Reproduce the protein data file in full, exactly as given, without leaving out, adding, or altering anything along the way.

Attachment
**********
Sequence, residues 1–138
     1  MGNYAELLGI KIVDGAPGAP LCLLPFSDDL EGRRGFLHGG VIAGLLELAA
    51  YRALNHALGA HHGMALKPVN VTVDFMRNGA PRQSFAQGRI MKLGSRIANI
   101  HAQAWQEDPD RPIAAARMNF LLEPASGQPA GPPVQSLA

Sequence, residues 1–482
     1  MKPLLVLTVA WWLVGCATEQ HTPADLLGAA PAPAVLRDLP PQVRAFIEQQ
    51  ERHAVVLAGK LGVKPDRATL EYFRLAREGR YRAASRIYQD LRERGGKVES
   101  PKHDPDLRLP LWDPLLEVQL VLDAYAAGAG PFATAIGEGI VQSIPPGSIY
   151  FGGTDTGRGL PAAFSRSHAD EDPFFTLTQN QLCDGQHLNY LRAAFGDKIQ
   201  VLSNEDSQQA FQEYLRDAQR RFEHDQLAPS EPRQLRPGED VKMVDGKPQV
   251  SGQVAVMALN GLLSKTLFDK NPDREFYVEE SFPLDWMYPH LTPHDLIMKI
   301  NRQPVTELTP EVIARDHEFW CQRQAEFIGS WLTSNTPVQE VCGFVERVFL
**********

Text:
Sequence, residues 1–138
     1  MGNYAELLGI KIVDGAPGAP LCLLPFSDDL EGRRGFLHGG VIAGLLELAA
    51  YRALNHALGA HHGMALKPVN VTVDFMRNGA PRQSFAQGRI MKLGSRIANI
   101  HAQAWQEDPD RPIAAARMNF LLEPASGQPA GPPVQSLA

Sequence, residues 1–482
     1  MKPLLVLTVA WWLVGCATEQ HTPADLLGAA PAPAVLRDLP PQVRAFIEQQ
    51  ERHAVVLAGK LGVKPDRATL EYFRLAREGR YRAASRIYQD LRERGGKVES
   101  PKHDPDLRLP LWDPLLEVQL VLDAYAAGAG PFATAIGEGI VQSIPPGSIY
   151  FGGTDTGRGL PAAFSRSHAD EDPFFTLTQN QLCDGQHLNY LRAAFGDKIQ
   201  VLSNEDSQQA FQEYLRDAQR RFEHDQLAPS EPRQLRPGED VKMVDGKPQV
   251  SGQVAVMALN GLLSKTLFDK NPDREFYVEE SFPLDWMYPH LTPHDLIMKI
   301  NRQPVTELTP EVIARDHEFW CQRQAEFIGS WLTSNTPVQE VCGFVERVFL